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How to Practice Acceptance When Feeling Creative Failure

How to Practice Acceptance When Feeling Creative Failure | Writing Tips | Freelance Writer | Entrepreneurship | Self-Publishing

The following post is an excerpt from my new book, Get the Hell Past It: How to Recover from Failure with Grace, Dignity and Possibly Some Cash. If you enjoy this section, I strongly recommend you pick up the book and learn to face feeling creative failure like a boss!

If you live in the same dreamland as I, your fantasies are filled with the ability to face adversity with a gentle and sanguine Acceptance of What Is. No matter what happens – failure, rejection, fear, pain, DMV lines – you simply smile and shrug, waiting for the inevitable to wrap you in its not-so-sweet embrace and carry you off to wherever the hell it has in mind for you.

While you, meantime, fold your hands into prayer position and bow your head with a soft smile.

Namaste, Good Friend Adversity, you will say. We are all one in the great wheel of suckery we call life, and I love you as my sister.

Doesn’t that sound nice? Wouldn’t that be a cozy, Mother Teresa-ish way to live?

Yet you are NOT Mother Effing Teresa. You are you (I’m guessing), and “you” is a lot less serene than the Saint of Calcutta (I’m also guessing). Therefore, your responses to slights and miscarriages of justice and missed marks and last places is a bit less subtle.

Or at least, mine is. “Screw you and the horse you rode in on, Universe!” is one of my milder responses. I’ll spare you the ruder vitriol. Point being, we have a very hard time with Acceptance of What Is, especially when it comes to feeling creative failure.

The problem with failing to accept your failure is that it doubles or triples the negativity of the situation. How many times has this happened to you:

You fail at something. You dwell on feeling creative failure. You feel sad, angry and despondent. Then, like a magical cocktail of compounded feelings from hell, you start feeling sad, angry and despondent about the fact that you feel sad, angry and despondent.

If I were a mature, successful adult, you tell yourself critically, I wouldn’t feel this way. I would pick up gamely and move on! What’s wrong with me??

The truth is, there’s nothing wrong with you when feeling creative failure.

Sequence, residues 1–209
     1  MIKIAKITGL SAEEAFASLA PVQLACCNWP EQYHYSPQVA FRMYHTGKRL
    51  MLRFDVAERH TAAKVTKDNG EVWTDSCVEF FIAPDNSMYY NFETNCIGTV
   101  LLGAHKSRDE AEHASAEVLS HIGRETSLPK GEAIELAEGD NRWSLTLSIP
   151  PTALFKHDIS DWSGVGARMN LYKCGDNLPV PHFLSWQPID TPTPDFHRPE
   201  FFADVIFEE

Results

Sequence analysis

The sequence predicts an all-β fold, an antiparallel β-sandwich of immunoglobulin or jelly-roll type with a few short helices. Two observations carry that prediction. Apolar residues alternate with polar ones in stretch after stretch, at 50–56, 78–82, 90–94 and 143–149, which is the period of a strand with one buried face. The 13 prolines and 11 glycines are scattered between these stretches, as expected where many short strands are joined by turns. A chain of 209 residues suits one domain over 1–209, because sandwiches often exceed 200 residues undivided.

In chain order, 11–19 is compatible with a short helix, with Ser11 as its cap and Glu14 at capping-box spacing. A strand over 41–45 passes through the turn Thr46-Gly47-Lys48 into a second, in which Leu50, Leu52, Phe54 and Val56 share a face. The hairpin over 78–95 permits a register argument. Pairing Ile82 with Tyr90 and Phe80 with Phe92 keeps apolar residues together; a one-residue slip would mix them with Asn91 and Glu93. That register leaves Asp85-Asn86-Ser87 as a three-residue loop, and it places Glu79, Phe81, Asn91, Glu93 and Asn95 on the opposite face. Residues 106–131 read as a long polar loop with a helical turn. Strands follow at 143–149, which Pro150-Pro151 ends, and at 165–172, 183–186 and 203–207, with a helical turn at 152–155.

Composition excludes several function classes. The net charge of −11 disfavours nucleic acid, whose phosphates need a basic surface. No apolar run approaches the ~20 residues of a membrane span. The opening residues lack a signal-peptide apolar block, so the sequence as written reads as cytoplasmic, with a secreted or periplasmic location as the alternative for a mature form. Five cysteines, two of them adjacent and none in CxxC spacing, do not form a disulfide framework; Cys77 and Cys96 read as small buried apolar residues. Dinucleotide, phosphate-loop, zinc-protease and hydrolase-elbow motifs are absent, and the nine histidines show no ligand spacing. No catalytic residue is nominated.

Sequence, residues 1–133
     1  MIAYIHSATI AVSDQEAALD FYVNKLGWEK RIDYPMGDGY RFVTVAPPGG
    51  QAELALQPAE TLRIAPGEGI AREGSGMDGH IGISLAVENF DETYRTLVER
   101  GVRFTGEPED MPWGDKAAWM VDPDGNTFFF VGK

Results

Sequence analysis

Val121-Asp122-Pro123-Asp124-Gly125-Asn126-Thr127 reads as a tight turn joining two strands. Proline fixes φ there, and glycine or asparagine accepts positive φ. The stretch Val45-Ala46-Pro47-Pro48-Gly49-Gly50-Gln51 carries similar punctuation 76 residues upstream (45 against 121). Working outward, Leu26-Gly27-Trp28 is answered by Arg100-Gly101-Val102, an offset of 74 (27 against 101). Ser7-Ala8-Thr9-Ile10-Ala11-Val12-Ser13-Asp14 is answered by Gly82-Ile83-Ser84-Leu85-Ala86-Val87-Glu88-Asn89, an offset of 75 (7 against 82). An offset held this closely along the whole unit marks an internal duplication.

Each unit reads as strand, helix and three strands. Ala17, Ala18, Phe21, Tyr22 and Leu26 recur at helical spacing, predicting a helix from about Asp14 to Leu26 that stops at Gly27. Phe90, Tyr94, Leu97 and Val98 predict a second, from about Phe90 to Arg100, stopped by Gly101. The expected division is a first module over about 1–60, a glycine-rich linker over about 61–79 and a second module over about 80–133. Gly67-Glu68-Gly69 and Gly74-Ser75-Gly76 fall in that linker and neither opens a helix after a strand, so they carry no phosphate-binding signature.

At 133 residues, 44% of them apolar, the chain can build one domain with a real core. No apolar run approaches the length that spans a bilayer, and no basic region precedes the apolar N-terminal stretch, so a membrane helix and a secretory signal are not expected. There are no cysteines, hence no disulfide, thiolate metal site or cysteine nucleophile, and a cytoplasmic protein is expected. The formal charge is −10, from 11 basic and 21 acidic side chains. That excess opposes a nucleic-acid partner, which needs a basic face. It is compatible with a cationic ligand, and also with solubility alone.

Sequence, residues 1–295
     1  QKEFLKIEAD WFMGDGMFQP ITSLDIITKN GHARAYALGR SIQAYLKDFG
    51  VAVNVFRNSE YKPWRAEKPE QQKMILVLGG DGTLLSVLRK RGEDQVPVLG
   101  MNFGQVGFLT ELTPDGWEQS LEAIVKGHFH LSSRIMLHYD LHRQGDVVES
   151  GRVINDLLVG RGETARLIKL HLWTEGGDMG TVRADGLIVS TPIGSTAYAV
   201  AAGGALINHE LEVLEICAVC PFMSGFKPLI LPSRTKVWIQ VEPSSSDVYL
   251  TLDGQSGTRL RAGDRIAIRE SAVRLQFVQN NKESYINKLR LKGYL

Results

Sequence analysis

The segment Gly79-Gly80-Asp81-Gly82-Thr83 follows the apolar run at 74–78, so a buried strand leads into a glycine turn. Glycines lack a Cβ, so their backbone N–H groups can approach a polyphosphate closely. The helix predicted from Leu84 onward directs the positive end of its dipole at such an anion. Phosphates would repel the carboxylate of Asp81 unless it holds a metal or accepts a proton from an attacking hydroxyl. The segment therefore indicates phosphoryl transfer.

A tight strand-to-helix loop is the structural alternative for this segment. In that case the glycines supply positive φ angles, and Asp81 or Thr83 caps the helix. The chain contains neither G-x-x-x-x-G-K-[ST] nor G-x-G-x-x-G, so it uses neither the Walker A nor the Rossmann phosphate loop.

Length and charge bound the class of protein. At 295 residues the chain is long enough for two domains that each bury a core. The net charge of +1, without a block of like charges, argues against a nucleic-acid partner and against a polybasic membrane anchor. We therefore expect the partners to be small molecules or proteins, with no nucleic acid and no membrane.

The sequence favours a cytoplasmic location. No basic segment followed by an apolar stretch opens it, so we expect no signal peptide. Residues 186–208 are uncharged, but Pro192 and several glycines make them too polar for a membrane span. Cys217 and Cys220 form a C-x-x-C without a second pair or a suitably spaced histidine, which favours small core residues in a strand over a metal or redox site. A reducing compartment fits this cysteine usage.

There’s certainly something wrong with society, though. In our self-helpful, positivity-obsessed, participation-trophy-giving society, we’ve been programmed to believe that when we feel bad, we’re doing something wrong. Not only have you failed, but you’ve failed to feel good about how great and lucky you are to have failed.

Don’t get me wrong. There are some hidden gems of feeling creative failure. They’re there.

And yet.

We have expressions such as “hidden gem” and “silver lining” for a reason. Inherent in those pretty-sounding phrases is the fact that there’s a much, much bigger pile of crap lurking just beyond them.

Well, newsflash: You don’t have to love that pile of crap.

It does not feel good to say goodbye to your entrepreneurial dreams and take a 9-to-5 instead. It’s not fun to set aside a fun new solo venture because it’s not making money. It is extremely, super-duper lame to spend hours and days and weeks and months on a novel manuscript or new blog, only to watch it sizzle and steam like the world’s most silver-lining-less pile of dog poo.

Super. Duper. Lame.

So what’s a hopeful lord or lady to do?

Well, my fair friend, much of coping with feeling creative failure comes down to your ability to accept that it simply is. It’s there, and when it happens, the feelings aren’t going anywhere for a while. Your choice is to fight the feelings and feel even worse, or to learn to accept.

Let’s agree the latter sounds a bit better. Here’s how to get started.

First, understand the five stages of grief.

Unless you’ve been living in Hobbiton your whole life, you’ve heard this concept. Most people even know that the five stages include: